Did you start blogging because you want people to come to your site, subscribe to your blog and eventually hire you?

Such blogs are solely profit driven, and they usually fail, per research done by B2B marketing consultant, Greg Digneo (@GregDigneo).

The content soon reflects these motives and the blog is dull, boring, and uninspired.

Traffic never comes.

Email subscribers are few and far between.

And in the end, the blog shrivels up and dies.

Which blogs succeed in growing business? Purpose driven blogs.

A purpose driven blog is one that provides unique value to an audience. The readers of the blog can’t find the content anywhere else in the blogosphere.

The legal blogosphere is filled with blogs that are not purpose driven. Unfortunately, that includes many on LexBlog’s LXBN network.

Law bloggers are not asking why would someone want to read my blog and what value am I providing to a niche community. Law bloggers are driven by profit, and their blogs show it.

I am right with Digneo.

Once you transition from a profit mentality to a purpose mentality, your blog will grow in popularity while generating more leads and more revenue.

The Internet is all about helping people, especially so for lawyers. As Zig Ziglar said, you can have everything you want so long as you help others get what they want.

Find a niche community in the law that is being underserved. Pour your heart into helping others and you’ll have great success in blogging.

You’ll be publishing a purpose driven blog.

  • In other words, there’s really no difference between the two. Basically the point is to publish something that is interesting and has value, rather than just cobbling together some keywords to try to come up high in a Google search. Post something that YOU would look forward to reading and that you would subscribe to. I’d also say that quality rules over quantity. 2 quality posts per month is better than 8 boring posts per month. Respect the reader’s valuable time. With that in mind, an attorney posting on a daily basis, or even multiple times every week, always seemed like overkill to me — who really want to hear from their attorney every day anyway?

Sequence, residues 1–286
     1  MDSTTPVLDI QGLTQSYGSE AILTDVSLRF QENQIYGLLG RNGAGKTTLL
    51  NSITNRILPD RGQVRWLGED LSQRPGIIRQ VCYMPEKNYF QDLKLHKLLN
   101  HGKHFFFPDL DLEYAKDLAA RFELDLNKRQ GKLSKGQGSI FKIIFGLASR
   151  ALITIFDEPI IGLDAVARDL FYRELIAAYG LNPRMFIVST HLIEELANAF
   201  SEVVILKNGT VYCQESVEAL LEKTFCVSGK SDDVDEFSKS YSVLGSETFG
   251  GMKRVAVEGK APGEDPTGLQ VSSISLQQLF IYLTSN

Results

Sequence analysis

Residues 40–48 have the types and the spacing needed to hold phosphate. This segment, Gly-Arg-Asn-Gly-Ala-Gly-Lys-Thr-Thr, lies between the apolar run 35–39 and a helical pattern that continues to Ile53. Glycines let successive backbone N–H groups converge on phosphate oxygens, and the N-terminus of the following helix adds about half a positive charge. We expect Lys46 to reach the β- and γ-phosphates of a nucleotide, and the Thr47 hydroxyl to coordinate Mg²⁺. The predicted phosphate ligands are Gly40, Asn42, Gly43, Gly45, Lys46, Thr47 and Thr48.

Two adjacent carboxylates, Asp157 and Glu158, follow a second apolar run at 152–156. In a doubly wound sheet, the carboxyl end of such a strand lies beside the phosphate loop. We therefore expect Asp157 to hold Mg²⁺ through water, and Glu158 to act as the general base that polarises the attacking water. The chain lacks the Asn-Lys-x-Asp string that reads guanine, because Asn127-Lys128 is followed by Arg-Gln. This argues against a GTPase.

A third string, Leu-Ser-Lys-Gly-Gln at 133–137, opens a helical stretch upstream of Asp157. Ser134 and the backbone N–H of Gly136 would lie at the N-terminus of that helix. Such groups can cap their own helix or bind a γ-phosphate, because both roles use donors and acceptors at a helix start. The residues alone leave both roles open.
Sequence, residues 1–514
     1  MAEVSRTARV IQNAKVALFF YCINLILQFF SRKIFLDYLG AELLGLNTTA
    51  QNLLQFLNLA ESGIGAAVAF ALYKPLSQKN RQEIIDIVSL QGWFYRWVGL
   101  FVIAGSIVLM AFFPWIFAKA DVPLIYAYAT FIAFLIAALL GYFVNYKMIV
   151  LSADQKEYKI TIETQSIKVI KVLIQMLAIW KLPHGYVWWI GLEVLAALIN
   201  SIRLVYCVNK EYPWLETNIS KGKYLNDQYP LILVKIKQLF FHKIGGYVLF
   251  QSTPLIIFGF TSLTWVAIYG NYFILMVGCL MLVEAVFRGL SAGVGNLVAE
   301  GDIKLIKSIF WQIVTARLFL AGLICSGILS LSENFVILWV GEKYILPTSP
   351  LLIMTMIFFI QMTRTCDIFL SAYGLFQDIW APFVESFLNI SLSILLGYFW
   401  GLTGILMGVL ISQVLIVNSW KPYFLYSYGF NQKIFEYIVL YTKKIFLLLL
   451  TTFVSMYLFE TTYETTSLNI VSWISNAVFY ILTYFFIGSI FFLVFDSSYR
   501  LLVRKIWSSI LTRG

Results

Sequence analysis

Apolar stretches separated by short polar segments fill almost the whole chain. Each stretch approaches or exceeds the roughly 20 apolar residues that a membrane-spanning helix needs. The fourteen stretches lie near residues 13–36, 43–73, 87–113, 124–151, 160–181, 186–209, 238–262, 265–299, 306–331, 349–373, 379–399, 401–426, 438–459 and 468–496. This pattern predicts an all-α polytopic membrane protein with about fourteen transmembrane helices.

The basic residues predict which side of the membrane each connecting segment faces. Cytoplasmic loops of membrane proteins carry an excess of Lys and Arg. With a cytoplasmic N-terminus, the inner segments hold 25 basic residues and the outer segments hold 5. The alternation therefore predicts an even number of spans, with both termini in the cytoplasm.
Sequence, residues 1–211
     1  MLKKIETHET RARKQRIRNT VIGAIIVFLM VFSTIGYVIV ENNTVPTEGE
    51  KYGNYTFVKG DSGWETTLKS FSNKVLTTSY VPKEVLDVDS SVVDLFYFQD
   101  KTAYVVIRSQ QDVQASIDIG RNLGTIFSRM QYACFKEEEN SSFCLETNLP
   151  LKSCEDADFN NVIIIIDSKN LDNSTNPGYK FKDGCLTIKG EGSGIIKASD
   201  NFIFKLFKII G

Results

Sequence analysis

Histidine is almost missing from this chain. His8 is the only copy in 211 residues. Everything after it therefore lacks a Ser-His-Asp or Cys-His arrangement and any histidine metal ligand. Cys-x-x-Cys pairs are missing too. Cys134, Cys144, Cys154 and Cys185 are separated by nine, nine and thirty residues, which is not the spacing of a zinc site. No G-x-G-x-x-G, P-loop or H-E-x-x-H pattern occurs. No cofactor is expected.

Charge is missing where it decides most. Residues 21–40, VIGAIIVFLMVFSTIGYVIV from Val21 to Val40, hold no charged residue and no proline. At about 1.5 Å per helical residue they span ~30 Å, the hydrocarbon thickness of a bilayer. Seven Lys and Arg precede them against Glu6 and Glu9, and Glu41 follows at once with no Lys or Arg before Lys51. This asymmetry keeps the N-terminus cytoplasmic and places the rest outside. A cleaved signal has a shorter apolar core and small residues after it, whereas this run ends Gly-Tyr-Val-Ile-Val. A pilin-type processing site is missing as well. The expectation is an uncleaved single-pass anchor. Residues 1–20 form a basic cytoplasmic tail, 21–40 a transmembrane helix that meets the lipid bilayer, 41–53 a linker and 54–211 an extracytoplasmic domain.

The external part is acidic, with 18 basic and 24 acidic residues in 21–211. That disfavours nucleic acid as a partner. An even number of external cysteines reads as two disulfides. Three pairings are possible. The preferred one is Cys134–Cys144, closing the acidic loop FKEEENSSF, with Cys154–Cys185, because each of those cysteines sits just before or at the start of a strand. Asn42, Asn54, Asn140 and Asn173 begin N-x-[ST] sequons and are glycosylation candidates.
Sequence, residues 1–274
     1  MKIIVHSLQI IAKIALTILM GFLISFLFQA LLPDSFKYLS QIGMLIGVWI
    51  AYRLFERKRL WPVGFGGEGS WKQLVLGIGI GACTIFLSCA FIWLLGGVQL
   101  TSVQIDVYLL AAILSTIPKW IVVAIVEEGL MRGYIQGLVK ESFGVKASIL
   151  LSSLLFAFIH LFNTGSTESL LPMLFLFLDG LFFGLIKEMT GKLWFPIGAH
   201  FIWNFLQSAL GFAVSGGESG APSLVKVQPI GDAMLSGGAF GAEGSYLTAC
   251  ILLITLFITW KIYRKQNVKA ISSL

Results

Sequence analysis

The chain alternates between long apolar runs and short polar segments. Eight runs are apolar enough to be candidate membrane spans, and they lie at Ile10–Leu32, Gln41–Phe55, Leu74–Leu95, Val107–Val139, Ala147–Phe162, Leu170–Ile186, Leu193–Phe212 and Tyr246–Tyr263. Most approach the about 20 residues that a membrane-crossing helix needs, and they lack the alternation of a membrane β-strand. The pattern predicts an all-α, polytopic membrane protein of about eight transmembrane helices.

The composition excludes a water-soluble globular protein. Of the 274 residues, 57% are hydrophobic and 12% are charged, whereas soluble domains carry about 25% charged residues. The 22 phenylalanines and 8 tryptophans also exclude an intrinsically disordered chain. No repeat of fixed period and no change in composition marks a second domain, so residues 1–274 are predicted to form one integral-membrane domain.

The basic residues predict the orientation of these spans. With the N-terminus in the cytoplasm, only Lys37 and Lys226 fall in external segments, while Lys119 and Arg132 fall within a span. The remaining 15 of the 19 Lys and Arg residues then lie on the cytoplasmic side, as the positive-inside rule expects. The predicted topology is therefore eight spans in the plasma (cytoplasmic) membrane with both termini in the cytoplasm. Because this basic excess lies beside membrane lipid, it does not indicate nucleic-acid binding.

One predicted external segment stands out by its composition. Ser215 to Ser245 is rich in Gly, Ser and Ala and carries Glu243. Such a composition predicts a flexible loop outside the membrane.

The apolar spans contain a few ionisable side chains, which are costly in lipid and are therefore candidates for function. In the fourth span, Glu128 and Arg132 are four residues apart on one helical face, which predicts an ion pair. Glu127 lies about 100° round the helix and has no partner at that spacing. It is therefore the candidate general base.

• Thanks for the comment Jeff, I see where you are coming from on both points. But I do think there is a difference between the goals – profit or purpose, even if subtle.

      Looking at the goal of your blog to offer something no one else is offering so you are benefiting a niche community feels like a purpose driven goal.

      For example I thought blogs would benefit lawyers and that lawyers would not know how to blog/network through the net. So I started offering what I could 11 years ago.

      Dave Donaghue saw that no one was covering IP litigation in the Northern District of Illinois back in 2005. He thought lawyers and companies could use summaries from decisions at the district court level and the circuit court of appeals level. The goal was to fill the void. The outcome was profit – a position at DLA, later at Holland, and a national word of mouth reputation in ip litigation. But the profit came as a result of a purpose.

      I really think if lawyers would think more of purpose first they would have greater long term success in the form of revenue and reputation. Too many lawyers say I am doing XYZ and I need to produce content on XYZ to get people to come see my blog and website – as if getting people to your blog and website equals success. These type of blogs struggle and often fail.

  • Greg Digneo

    Thank you for the sum up and sharing the post with your community Kevin!

    • You bet, shared with account management team this AM as well.